Teaching simulation (aka board game)

The Flow Game

‘Work in progress’ (WIP) limits can be counterintuitive if you have never experienced their effects. To help teach and illustrate the benefits of WIP limits, I have created a physical simulation, i.e., a board game. The game is simple enough that anyone can participate but complicated enough that the results are surprising.

Let’s jump straight into the game and then explain pitfalls and spoilers afterward.

Setting up the game

To play the game, we need:

  1. 3–9 players, and optionally a facilitator
  2. Two regular dice per player
  3. 200+ tokens (we use jigsaw puzzle pieces)

The players are seated in a sequence where they can reach their two neighbors. The area between each pair is called the buffer. From a player’s perspective, the buffer toward the first player in the sequence is called the input buffer, and the other is called the output buffer. One player’s output buffer is another player’s input buffer. Before the first player is a container with all the tokens, and after the last player is an empty container.

There are three rounds, each consisting of a number of beats. The process of a beat is:

  1. Everyone rolls their dice.
  2. Everyone picks up as many tokens from their input buffer as the dice show. If there are not enough tokens, you pick up as many as possible. Hold the tokens in your hand.
  3. When everyone is ready, the facilitator says “put,” and everyone puts the tokens in their output buffer simultaneously.

Before starting the game, we need to initialize the buffers and ensure everyone understands the beats, so we run one beat for each player — if there are five players, we do 5×(roll→pick→put).

Round 1

Now we are ready to begin round 1. The goal of the round is to move tokens from the input container (with a lot of tokens) to the output container (empty at the beginning of a round). Each round starts with the players predicting how many tokens they will move per beat.

The first round is simple because, after the predictions, we run one beat per person again.

After all the beats, we evaluate. Count how many tokens made it to the output container and check how accurate the predictions were. Empty the output container into the input container.

Round 2

The first round simulated work flowing between silos in an organization where we don’t work together. The silos could be departments, teams, or individuals, so long as we have work moving from one to the other. A classic example would be: design, then implementation, then testing, then security, then deployment.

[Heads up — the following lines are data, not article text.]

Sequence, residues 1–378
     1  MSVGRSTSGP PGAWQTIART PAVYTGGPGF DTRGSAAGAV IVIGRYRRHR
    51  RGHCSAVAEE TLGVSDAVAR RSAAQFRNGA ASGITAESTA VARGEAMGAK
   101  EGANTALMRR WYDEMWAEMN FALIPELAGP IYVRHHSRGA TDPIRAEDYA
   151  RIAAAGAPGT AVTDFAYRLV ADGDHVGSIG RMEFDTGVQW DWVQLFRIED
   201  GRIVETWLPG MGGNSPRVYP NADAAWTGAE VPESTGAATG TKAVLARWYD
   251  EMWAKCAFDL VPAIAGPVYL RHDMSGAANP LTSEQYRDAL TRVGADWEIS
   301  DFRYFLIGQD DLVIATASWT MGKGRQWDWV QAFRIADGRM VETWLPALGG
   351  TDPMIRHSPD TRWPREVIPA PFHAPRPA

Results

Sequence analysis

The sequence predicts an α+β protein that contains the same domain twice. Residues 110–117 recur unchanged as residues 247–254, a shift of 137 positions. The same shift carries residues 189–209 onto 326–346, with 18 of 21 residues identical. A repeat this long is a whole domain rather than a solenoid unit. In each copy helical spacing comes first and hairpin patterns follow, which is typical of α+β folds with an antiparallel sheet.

In the second round, we add teamwork. Between each beat, the players can discuss and move around the dice however they want before they roll.

Otherwise, the round proceeds like the first: predictions, one beat per player, then evaluation.

Round 3

The second round simulated something like Scrum, with much time spent coordinating and discussing what is best without any real chance of finding an optimal dice assignment.

In the third and final round, we add WIP limits. The players collectively come up with some limit, usually around the 9–14 size. Our output buffers may not exceed this limit. To solve this, we add a ‘bubble-back’ step to each beat:

4. While an output buffer is above the WIP limit, move the overflowing tokens back to the input buffer. Notice this can cause the input buffer to overflow, in which case we repeat this step.

We also replace the discussion with a fixed rule: if your output buffer is full, give one of your dice to the next player in the sequence. If your input buffer stops being full, give one dice (back) to the previous player in the sequence. Again, if multiple buffers in a row are full, the middle players will both give and get a dice.

Otherwise, the round proceeds as usual: predictions, then one beat per player, then evaluation.

Game epilogue

The third round simulated something like Kanban, focusing on exposing bottlenecks and alleviating them. At this point, I like to give players a summary of The Goal and the Toyota Production System.

The game satisfies the two prerequisites of the Theory of Constraints:

  • Sequentially linked workstations
  • Statistical fluctuations

Those are the exact rules of the game. Therefore we have emergent properties and unpredictability. Discussions are great for dealing with exceptional situations, such as emergencies. However, in environments where humans cannot predict what will happen, discussions are unlikely to yield optimal results. In addition, meetings take an enormous amount of time, which is fine for rare situations but wasteful if it happens often. Building a remediation mechanism into the system is much more helpful in this environment, i.e., the WIP limits and dice motion.


Usually, each round produces improvements in terms of how many tokens are produced, in time saved, or both. The conclusion I typically want the teams to reach is that when they get stuck, for whatever reason, they don’t open up a new ticket. Instead, spend your time helping someone else with their work, like giving them one of our dice. One head can work on one thing at a time, so a team should never need more open tickets than they have heads. This is our WIP limit.

Team productivity is the theme of the whole second part of my book, so if you care about that, you should check it out:



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Christian Clausen

Christian Clausen

I live by my mentor’s words: “The key to being consistently brilliant is: hard work, every day.”